On February 13, 2024, the Institute of Contemporary Art/Boston
is unveiling a monumental, site-specific commission by multidisciplinary artist Igshaan Adams (born 1982 in Cape Town, South Africa), entitled Lynloop [Toeing the Line], organized by Ruth Erickson, Barbara Lee Chief Curator and Director of Curatorial Affairs.
Adamss woven tapestries point to the interconnectedness of the artists spirituality, familial histories, and local community narratives as rooted in his South African heritage. Drawing on the notion of desire linespaths created by pedestrians over time that fall outside of sanctioned walkwaysAdams visualizes the everyday movements of people through a range of tactile materials to contest fixed boundaries. At the ICA, Adams has transformed the first-floor lobbys Sandra and Gerald Fineberg Art Wall into a multi-part, experimental weaving and sculptural installation conceived in response to the museums architecture and the artists recollections of post-apartheid South Africa.
Igshaan Adams brings a distinct, new voice to the ICA, combining monumentality, tactility and cosmology with a unique combination of materials and techniques, to represent histories of an apartheid and post-apartheid era in South Africa, said Jill Medvedow, the ICAs Ellen Matilda Poss Director. Visitors encounter this stunning new work as they enter the museums first floor lobby, a free and open space for the public.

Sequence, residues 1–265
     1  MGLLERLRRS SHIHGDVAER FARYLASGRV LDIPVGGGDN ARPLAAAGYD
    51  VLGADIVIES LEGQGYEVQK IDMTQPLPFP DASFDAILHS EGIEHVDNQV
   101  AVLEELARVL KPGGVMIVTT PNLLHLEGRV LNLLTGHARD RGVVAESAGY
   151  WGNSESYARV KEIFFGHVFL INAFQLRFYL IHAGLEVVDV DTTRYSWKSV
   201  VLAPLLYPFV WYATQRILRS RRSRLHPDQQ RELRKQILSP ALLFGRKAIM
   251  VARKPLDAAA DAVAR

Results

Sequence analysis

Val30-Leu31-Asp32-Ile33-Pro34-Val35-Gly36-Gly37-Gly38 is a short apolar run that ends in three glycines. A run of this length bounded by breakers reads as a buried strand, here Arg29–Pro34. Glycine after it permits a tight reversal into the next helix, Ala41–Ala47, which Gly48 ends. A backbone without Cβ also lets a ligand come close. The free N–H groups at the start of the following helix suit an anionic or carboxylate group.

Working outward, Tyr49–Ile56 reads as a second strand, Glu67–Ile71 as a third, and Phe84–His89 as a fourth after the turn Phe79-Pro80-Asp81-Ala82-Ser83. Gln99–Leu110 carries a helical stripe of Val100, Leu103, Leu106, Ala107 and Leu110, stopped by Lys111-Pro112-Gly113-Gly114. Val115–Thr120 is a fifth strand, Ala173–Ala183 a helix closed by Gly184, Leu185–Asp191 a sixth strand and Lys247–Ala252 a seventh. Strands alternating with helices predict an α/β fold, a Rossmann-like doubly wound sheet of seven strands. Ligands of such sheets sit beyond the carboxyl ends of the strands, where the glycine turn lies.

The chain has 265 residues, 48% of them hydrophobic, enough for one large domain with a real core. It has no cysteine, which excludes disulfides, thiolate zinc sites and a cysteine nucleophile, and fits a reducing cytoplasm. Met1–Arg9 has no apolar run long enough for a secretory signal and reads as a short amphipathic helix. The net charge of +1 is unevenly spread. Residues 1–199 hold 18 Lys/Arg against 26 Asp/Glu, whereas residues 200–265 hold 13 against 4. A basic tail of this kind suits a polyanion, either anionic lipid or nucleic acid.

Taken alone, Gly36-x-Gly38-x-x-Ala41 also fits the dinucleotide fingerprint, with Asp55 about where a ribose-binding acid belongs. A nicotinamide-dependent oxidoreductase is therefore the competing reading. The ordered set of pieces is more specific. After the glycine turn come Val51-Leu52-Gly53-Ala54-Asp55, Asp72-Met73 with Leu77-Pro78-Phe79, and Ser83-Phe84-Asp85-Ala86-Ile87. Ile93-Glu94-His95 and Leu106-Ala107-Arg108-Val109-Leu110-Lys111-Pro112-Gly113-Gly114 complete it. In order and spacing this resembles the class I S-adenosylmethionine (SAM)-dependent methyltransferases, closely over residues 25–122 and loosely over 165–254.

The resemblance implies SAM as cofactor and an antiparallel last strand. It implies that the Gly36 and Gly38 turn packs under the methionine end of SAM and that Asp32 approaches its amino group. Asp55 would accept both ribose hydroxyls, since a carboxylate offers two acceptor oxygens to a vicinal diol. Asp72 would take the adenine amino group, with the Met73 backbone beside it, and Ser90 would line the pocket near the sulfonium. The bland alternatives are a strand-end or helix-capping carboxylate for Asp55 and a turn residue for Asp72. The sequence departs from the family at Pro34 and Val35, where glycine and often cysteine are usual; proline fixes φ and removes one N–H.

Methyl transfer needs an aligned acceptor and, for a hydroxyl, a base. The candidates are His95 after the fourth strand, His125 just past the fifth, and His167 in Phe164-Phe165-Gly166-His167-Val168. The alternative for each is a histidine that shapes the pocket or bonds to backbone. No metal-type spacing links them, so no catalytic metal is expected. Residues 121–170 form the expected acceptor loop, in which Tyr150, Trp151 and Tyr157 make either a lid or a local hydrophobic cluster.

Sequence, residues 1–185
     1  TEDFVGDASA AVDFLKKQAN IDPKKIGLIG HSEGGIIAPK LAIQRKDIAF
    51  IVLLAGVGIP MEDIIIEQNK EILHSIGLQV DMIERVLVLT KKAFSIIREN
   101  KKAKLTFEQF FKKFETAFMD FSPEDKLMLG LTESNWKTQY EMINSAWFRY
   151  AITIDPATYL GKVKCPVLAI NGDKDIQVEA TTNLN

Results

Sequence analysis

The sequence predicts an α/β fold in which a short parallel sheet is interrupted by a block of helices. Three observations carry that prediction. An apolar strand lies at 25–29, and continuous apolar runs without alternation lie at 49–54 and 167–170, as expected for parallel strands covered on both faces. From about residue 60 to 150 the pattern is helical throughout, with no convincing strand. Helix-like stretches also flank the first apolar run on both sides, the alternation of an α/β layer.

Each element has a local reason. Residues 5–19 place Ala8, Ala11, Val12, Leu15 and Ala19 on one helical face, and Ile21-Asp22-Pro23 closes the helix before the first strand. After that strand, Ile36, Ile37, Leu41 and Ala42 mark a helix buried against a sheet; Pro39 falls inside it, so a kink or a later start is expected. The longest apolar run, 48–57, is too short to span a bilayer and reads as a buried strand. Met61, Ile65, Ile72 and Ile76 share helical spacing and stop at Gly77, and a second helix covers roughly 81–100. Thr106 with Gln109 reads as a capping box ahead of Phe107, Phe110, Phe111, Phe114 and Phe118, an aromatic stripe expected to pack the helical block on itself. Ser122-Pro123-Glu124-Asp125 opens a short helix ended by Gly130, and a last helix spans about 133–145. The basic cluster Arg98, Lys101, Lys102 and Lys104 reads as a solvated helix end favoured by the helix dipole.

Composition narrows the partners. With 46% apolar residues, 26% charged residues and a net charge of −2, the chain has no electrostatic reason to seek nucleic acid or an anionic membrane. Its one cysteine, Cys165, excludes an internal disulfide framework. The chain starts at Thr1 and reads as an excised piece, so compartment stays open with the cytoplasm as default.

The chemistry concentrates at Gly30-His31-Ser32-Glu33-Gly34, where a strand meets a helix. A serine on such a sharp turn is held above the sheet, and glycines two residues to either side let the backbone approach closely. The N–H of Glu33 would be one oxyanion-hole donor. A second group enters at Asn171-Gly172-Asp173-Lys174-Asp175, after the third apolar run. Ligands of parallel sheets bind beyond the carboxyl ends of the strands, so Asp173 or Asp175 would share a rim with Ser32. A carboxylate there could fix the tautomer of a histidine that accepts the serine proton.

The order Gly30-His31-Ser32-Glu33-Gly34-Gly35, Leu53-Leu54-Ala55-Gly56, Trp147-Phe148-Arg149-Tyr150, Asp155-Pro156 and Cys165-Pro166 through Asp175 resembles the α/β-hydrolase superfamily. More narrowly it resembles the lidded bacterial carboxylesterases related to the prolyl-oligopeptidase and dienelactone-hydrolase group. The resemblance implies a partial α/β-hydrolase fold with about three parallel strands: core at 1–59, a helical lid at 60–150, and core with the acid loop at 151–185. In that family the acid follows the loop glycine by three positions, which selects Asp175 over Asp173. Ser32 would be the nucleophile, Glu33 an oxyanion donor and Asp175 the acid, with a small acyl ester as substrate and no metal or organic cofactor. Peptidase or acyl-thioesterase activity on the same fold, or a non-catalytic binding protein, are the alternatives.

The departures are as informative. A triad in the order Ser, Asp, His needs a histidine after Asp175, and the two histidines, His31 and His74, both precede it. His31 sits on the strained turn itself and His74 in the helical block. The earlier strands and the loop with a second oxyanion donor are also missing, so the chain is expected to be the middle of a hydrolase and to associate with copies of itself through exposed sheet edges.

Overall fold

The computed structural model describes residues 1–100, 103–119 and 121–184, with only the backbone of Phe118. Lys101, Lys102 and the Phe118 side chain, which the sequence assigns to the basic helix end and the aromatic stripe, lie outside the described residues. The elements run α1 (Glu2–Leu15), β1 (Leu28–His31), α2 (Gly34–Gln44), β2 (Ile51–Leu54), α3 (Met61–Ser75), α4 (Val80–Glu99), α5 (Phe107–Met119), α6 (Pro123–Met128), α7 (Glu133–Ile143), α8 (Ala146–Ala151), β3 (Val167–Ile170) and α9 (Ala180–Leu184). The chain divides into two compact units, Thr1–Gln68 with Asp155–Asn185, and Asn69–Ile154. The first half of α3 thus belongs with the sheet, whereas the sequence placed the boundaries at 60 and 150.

Adamss installation at the ICA considers the impact of childhood experiences and memories on the trajectory of ones life, said Erickson. He takes maps of areas where enforced boundaries, such as those formerly used to separate communities along racial castes during the apartheid era, and reframes them with his own observations and fantasies. In this work, pathways between sports fields adjacent to where the artist grew up are softened with hues of pink, mohair, and delicate gold chain.
Adams uses aerial images from Google Earth as the basis for his intricate, monumental weavings. In his commission at the ICA, Lynloop, he reproduces the footpaths between a sports field and a walled-off recreational space in Heideveld, a suburb in Cape Town, South Africa, adjacent to Bonteheuwel, the artists hometown. Lynloop is an Afrikaans term formerly used by South African gangs to denote control, or to punish those who stepped out of line. Adams reimagines a hyper-masculine territory of his childhood and associated memories to consider both the imprint of early experiences and the potential of other futures. In dialogue with the extensive weavings are enormous suspended metallic, cloud-like sculptures that suggest concentrated areas of movement and human interaction. The artist describes his new work as a yearning for the beauty and fantasy of what could have been if my environment had allowed for it forcing a wish onto a memory.